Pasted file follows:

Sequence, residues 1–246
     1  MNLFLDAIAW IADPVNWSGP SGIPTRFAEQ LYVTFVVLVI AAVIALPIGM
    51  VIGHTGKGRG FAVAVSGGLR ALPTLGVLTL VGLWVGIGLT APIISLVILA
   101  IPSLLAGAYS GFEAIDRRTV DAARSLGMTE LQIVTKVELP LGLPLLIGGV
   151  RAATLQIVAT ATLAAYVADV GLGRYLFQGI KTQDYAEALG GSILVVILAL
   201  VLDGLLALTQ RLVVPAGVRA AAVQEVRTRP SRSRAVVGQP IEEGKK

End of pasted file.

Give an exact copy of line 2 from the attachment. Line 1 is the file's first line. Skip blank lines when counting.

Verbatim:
     1  MNLFLDAIAW IADPVNWSGP SGIPTRFAEQ LYVTFVVLVI AAVIALPIGM